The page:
In many real-life situations we want to measure voltage. Ever so often, it is not the voltage itself we care about, but some other physical quantity that has been converted to voltage by some sort of sensor or transducer. Perhaps the simplest example is a potentiometer: when connected in a certain way, it will present the different possible rotation angles of its knob as different voltages on one of its pins. But this is only one simple example out of a vast variety of sensors for measuring almost every imaginable physical quantity, and many of which reporting their measurements as voltage.
IOIO has 16 pins, commonly known as "Analog Inputs", which are capable of measuring voltage levels between 0V-3.3V, with a precision of about 3mV. You must ensure not to supply voltage levels outside this range on those pins, or else you'll potentially damage your hardware. In some cases where the input to measure is outside of this range, a simple resistor ladder can scale down the voltage, while in other cases an amplifier circuit will be needed. At the time of writing this, the answers to these questions seem a little bit over-long for this guide.
Internally, as soon as you open an analog input, the IOIO starts sampling the voltage at even intervals, and sends these samples to the Android device. When reading them, you have a choice on whether to read the most recent value captured, or to read them on a sample-by-sample basis.
Analog pins are 31, 32, 33, 34 ,35, 36, 37, 38, 39, 40, 41, 42, 43, 44, 45 y 46.
Using the IOIO pins as analog inputs is done via the
AnalogInput interface. An instance of this interface corresponds to a physical pin on the board, configured to work in analog input mode.
AnalogInput instances are obtained by calling:
AnalogInput in = ioio.openAnalogInput(pinNum);
This opens pin number
pinNum for analog input.
Once an instance of
AnalogInput is obtained, the pin value can be read by:
float value = in.read();
returning a value between 0 and 1, covering the entire range of permitted voltage. This method might block for a few milliseconds if called immediately after the pin is open. If an absolute measurement in Volts is more appropriate, use:
float volts = in.getVoltage();
When you are done using the pin, call:
in order to return the pin to a "floating" state and possibly be able to re-open it in the same or in a different mode. The pin becomes useless after this call - it is illegal to do anything with it.
In the previous usage, we're always interested in the most recent value of the signal. However, sometimes it is important to obtain data that has been sampled at evenly-spaced times (e.g. for plotting graphs, or for measuring the change rate of a signal). In this case, we cannot allow samples to be lost if we're reading too slowly and we cannot allow a sample to be read twice if we're reading too fast. Often, we may be also willing to compromise latency in order to relax the requirements about how often we need to poll. For that purpose, buffered reading has been introduced. In order to start using buffered reading, once a pin has been opened for AnalogInput, you should enable buffering by calling:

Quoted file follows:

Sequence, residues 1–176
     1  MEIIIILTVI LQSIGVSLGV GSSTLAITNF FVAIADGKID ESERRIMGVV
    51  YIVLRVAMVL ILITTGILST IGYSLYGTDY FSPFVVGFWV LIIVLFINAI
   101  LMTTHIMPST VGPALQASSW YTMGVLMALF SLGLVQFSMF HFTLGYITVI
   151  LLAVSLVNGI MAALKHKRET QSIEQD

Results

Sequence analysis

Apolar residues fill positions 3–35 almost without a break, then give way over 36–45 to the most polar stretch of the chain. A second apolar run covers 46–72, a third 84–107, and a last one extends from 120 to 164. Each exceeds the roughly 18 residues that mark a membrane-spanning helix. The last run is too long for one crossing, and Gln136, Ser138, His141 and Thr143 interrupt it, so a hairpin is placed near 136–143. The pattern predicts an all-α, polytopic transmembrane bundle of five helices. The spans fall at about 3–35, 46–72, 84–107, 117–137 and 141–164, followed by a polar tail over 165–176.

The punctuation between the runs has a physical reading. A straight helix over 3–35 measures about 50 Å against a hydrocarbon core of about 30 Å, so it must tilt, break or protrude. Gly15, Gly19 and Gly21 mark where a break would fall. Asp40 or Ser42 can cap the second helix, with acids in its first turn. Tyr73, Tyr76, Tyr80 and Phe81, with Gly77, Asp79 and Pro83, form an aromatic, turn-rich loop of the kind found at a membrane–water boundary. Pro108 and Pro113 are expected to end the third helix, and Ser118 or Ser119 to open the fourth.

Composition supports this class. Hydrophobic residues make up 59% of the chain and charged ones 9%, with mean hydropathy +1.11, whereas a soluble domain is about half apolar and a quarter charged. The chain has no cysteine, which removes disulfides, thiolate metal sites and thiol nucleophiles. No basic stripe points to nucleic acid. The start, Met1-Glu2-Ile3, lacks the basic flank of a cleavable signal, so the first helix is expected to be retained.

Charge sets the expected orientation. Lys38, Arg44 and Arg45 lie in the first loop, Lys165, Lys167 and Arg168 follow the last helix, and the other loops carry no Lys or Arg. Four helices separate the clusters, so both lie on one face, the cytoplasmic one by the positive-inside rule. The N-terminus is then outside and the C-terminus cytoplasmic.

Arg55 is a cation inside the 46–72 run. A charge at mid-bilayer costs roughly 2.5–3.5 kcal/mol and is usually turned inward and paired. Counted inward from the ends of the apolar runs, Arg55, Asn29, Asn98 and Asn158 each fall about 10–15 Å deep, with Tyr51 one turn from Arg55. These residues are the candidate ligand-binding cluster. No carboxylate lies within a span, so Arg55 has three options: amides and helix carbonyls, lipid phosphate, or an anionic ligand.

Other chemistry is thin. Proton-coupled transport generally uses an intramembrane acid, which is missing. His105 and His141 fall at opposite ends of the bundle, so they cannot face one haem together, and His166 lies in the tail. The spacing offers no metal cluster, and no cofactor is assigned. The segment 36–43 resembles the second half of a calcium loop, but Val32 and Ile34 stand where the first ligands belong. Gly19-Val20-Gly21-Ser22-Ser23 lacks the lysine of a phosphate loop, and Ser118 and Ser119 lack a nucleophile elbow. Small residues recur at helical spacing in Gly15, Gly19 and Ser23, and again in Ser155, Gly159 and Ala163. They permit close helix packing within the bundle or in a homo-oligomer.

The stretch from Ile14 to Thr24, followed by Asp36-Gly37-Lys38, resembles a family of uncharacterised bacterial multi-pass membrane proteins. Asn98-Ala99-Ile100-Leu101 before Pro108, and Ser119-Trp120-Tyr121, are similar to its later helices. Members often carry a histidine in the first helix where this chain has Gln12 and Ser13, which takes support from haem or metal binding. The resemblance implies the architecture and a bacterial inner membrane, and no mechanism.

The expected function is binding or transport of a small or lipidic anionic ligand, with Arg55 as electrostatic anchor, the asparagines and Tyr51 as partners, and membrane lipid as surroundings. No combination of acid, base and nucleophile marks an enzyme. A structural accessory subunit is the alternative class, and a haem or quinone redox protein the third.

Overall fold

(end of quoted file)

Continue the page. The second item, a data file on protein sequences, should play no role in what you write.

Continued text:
capacity argument determines how many unread samples the buffer can store before it starts to overflow. A smaller buffer uses less memory, but forces you to read more frequently in order to avoid overflow. When an overflow occurs, the oldest (least recent) samples in the buffer will be dropped.
In order to read samples from the buffer, use:
float sample = in.readBuffered();
float volts = in.getVoltageBuffered();
These methods will block until at least one sample is available in the buffer, and then return that sample. If blocking is undesirable, you can first call:
int samples = in.available();
which will tell you how many samples are already available in the buffer. If an overflow occurred, you can determine how many samples have been lost since initializing the buffer by calling
in.getOverflowCount(). Lastly, you can programmatically query the sample rate (currently constant, but might change) by calling
A note on bandwidth / sample rate: currently analog input pins are sampled 1000 times a second (1KHz). For some applications (such as audio signal measurements) this is unacceptable. This sample rate is not a physical limitation of the IOIO (in fact, the physical limitation is 500KHz for all open channels combined) and may be increased in the future.